MSNBC host and POLITICO columnist Joe Scarborough has a piece up today titled Paul Krugman vs. The World. It's about Paul Krugman's ostensibly contrarian views on the deficit and the national debt.
Here's how it's teased on the POLITICO homepage.
The article says: Paul Krugman favors running deeper deficits, but folks like the chief of the Council on Foreign Relations, Erskine Bowles, Scarborough himself, Mika Brzezinski, Steven Rattner, and former Joint Chief chairman Michael Mullen all disagree with Krugman.
Note that zero of the above people are "economists" let alone mainstream economists.
But actually there are plenty of economists and economically-literate minds who think that, to varying degrees, the deficit is not what we should be worrying about.
For Joe Scarborough's sake, here's a list of people. With each we've linked to comments they've made about their (lack of) worry about the deficit.
- Goldman chief economist Jan Hatzius
- Nomura economist Richard Koo
- Brad Delong
- Alan Blinder
- Martin Wolf
- Larry Summers
- James Galbraith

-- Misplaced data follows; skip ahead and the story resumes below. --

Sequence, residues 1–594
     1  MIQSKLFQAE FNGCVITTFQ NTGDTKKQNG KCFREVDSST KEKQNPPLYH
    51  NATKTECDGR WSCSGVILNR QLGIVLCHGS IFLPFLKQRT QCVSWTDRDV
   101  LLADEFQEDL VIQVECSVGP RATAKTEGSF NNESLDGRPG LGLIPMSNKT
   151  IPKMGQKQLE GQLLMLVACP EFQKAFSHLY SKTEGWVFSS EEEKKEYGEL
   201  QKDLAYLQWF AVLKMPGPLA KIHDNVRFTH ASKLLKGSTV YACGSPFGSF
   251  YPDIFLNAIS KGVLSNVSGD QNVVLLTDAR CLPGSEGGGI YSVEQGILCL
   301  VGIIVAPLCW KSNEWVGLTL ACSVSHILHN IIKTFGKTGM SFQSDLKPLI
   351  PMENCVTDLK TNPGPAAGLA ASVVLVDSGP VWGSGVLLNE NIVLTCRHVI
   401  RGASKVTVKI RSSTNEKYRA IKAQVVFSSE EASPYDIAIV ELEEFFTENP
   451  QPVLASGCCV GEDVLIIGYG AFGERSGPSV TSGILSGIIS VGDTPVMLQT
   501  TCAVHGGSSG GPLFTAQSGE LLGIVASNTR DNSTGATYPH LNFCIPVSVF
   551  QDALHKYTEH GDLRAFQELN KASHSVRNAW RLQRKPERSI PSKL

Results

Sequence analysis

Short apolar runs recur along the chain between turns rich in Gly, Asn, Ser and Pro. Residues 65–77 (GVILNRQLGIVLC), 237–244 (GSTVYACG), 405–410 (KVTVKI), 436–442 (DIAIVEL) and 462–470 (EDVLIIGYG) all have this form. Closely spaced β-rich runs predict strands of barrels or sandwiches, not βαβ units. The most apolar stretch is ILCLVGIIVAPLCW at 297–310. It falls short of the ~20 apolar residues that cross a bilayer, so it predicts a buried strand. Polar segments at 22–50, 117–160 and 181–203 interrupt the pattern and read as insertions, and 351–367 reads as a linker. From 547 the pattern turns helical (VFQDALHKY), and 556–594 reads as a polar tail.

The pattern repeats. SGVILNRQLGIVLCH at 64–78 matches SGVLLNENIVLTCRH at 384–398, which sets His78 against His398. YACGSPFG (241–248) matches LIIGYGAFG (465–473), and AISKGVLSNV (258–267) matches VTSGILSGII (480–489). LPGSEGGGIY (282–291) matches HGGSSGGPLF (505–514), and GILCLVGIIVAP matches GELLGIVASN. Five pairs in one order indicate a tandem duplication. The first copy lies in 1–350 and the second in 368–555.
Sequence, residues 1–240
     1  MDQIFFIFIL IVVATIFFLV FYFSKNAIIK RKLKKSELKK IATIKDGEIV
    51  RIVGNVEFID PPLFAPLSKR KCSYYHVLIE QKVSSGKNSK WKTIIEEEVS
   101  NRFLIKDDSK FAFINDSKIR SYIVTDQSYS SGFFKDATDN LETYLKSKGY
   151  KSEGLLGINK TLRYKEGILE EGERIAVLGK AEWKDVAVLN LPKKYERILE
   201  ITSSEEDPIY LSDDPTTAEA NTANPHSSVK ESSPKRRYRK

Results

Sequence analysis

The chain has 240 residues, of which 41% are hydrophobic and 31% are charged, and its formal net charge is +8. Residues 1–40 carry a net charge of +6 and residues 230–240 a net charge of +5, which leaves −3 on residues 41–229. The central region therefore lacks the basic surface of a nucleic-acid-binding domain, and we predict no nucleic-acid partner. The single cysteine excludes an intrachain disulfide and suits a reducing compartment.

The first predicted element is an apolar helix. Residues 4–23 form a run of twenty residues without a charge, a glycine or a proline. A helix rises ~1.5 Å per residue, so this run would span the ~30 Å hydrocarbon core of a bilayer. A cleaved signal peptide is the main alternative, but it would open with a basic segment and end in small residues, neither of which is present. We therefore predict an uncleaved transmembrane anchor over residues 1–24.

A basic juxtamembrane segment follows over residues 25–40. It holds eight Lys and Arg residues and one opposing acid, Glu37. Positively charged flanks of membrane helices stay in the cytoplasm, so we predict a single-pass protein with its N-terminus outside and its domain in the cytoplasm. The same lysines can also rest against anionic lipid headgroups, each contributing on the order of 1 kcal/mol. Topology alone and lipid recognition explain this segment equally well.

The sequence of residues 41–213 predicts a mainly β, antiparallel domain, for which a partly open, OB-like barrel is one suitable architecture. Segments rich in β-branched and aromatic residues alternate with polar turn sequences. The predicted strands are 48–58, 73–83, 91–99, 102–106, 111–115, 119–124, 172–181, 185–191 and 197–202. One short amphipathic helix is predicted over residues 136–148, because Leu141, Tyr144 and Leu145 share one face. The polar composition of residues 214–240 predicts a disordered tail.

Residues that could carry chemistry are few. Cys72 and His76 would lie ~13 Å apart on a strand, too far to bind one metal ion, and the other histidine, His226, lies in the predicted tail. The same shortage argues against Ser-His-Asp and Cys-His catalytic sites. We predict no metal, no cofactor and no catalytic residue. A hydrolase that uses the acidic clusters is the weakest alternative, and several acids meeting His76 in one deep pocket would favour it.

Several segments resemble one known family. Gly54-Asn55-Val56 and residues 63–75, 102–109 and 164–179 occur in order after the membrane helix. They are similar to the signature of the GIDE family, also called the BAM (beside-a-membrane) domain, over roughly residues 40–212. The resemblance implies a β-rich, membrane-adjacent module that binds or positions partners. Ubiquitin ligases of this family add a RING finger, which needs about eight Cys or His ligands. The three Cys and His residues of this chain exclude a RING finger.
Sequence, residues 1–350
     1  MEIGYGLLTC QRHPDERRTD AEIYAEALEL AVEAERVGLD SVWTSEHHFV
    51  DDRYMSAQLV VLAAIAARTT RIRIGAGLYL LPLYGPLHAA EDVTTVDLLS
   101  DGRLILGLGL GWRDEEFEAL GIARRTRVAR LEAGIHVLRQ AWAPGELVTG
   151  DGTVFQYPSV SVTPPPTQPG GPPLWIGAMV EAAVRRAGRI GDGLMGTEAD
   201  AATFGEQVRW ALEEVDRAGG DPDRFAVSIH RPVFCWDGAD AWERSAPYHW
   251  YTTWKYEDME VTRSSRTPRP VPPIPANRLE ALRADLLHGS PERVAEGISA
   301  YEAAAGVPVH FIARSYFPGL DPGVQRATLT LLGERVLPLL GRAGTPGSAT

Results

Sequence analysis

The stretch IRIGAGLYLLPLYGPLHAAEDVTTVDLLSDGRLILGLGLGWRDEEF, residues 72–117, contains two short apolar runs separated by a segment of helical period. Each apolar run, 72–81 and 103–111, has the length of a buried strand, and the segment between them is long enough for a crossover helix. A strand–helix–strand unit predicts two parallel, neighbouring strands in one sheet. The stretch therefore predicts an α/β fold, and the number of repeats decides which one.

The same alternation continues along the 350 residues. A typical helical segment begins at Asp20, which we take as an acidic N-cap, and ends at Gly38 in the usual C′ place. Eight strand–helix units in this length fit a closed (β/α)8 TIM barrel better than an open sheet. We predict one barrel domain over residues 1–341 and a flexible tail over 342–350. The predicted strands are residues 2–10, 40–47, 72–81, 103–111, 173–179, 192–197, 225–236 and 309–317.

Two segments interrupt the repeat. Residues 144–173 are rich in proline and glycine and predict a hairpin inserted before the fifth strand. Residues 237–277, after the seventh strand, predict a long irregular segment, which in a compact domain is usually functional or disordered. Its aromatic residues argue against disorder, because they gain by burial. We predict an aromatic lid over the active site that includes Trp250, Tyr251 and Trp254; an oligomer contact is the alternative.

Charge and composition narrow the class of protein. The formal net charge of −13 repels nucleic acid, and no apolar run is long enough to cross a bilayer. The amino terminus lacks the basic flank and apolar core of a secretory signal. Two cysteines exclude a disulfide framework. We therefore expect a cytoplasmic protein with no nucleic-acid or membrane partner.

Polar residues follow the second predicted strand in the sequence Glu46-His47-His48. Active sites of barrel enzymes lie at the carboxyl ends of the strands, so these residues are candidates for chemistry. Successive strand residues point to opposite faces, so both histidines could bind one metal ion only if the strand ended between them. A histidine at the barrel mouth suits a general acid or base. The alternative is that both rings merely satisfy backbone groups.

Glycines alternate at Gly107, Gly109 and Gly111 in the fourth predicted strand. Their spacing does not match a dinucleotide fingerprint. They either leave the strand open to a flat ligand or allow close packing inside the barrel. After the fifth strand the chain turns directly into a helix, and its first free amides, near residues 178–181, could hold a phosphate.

- Robert Reich
- Bruce Bartlett
- John Makin (a conservative AEI scholar with a new paper out today on the danger of overhyping deficit fears!)
- Rep. Jerry Nadler (not an economist, but as knowledgeable on economics as anyone up on Scarborough's list).
Anyway, that was just a partial list, but one that covers conservatives, liberals, Wall Street economists, and former government officials.
Note that several of them, including Paul Krugman himself, do acknowledge long-term issues arising from health care costs, so even the idea that Krugman wants to do nothing is a falsehood.
The issue is not as one-sided as Scarborough believes.
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